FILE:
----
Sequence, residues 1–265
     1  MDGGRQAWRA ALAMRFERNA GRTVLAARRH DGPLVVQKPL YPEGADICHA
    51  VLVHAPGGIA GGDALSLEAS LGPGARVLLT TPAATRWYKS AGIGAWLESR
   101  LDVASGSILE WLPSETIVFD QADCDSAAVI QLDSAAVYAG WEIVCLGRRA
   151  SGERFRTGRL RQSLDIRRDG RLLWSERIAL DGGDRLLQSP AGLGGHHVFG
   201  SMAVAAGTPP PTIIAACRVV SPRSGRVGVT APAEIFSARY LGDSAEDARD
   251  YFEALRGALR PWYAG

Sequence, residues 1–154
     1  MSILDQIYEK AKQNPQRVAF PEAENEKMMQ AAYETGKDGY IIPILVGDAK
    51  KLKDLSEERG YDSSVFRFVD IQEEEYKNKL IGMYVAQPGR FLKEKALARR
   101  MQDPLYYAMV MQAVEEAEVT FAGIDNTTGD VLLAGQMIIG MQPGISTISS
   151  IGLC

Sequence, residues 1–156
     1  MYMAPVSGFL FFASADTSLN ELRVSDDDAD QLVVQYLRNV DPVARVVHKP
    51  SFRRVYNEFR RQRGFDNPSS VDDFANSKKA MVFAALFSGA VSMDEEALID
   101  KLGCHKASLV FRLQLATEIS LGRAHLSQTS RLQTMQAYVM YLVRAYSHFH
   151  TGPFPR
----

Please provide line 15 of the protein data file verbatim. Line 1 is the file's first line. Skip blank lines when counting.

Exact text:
    51  SFRRVYNEFR RQRGFDNPSS VDDFANSKKA MVFAALFSGA VSMDEEALID